Fujita Tsuguharu and Kawashima Riichirō around 1913.
Professor Michael Lucken
Professor of Japanese Studies, French National Institute for Oriental Languages and Civilizations (INALCO)
About the Talk
After being neglected by critics and historians for about half of a century, the work of Fujita Tsuguharu (Léonard Foujita, 1886-1968) is being rediscovered as suggest recent exhibitions in Tokyo and Paris. But points of view have changed as the importance of vanguardism in 20th century art history has receded into the background. In this lecture, I would like to show how Fujita integrated in his painting some strong classical elements (in the Western sense), from the pictures he realized under the influence of Isadora Duncan soon after his arrival in France in 1913, to his immediate post-war compositions. The issue therefore is to understand the meaning of such elements in a Japanese context: shall we consider them as symptoms of the West’s dominance over East Asia and Japan in particular or, does it reveal something else in terms of cultural history?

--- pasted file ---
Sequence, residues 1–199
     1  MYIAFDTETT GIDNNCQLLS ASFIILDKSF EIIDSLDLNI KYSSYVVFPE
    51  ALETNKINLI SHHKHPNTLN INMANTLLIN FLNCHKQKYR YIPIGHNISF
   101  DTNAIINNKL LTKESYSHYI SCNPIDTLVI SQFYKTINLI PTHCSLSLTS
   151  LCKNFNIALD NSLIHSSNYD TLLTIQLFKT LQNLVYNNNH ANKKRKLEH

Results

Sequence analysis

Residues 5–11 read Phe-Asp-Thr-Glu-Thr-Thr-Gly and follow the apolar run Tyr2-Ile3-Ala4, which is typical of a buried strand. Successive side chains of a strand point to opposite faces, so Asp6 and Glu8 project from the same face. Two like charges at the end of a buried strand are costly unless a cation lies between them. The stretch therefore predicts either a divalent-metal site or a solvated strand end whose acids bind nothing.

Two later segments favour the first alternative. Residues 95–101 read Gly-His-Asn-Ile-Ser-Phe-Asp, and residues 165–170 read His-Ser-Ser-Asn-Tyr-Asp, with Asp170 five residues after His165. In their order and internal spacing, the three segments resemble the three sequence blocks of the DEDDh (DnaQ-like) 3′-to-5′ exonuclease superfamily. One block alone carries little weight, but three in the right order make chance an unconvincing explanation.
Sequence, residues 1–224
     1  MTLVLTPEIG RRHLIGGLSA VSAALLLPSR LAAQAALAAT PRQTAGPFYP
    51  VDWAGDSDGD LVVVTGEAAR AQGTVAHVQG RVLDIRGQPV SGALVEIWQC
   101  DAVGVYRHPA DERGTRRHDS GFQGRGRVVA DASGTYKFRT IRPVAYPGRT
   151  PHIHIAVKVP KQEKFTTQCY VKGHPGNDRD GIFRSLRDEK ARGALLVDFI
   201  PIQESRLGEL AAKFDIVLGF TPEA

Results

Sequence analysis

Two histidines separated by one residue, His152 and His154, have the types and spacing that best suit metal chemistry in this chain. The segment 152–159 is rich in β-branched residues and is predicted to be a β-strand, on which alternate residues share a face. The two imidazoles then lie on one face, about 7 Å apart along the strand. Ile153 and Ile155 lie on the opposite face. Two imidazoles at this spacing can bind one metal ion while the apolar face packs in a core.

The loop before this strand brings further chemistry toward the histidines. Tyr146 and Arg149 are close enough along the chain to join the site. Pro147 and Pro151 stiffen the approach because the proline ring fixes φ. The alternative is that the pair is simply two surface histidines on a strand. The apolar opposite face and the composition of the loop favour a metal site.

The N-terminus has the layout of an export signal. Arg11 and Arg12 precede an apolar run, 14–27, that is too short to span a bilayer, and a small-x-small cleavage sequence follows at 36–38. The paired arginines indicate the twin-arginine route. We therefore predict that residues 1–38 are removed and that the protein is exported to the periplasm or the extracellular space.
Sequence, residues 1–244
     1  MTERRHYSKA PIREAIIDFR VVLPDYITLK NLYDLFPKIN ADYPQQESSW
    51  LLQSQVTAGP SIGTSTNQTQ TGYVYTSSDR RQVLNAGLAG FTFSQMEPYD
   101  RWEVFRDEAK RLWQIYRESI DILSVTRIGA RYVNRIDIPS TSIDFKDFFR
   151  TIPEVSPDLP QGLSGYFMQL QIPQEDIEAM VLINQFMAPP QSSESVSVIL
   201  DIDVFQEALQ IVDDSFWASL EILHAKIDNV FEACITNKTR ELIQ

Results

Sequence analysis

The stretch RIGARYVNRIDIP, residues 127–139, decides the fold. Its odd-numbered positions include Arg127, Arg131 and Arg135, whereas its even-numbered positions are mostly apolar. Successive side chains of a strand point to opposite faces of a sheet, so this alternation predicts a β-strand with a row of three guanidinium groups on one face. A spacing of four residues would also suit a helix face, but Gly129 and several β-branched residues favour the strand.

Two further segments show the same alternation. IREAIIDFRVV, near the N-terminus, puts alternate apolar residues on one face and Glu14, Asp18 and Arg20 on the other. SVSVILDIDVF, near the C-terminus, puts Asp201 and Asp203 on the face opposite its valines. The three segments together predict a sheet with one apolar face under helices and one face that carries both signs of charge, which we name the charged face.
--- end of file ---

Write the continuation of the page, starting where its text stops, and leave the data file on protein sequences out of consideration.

About the Speaker
Michael Lucken (born in 1969) is a historian and art historian. He is professor of Japanese studies at the French National Institute for Oriental Languages and Civilizations (INALCO). His main books are L’Art du Japon au vingtième siècle: pensées, formes, résistances (Twentieth Century Japanese Art: Thought, Forms and Resistances), 2001; Les Japonais et la guerre 1937-1952 (The Japanese and the War 1935-1952), 2013; Imitation and Creativity in Japanese Arts from Kishida Ryūsei to Miyazaki Hayao, 2016; Le Japon grec. Culture et possession (Greek Japan. Culture and Possession, Gallimard, 2019). Some of his books are translated in English and Japanese. He has received several awards for his academic achievements among which Konishi Translated Literature Prize (2012) and Académie française–Thiers Prize for best history book (2014).
Admission is free and all are welcome. Booking essential. To book your seat, please go to the booking form or email the Sainsbury Institute
The lecture will be held at the Weston Room, Cathedral Hostry, Norwich NR1 4DH.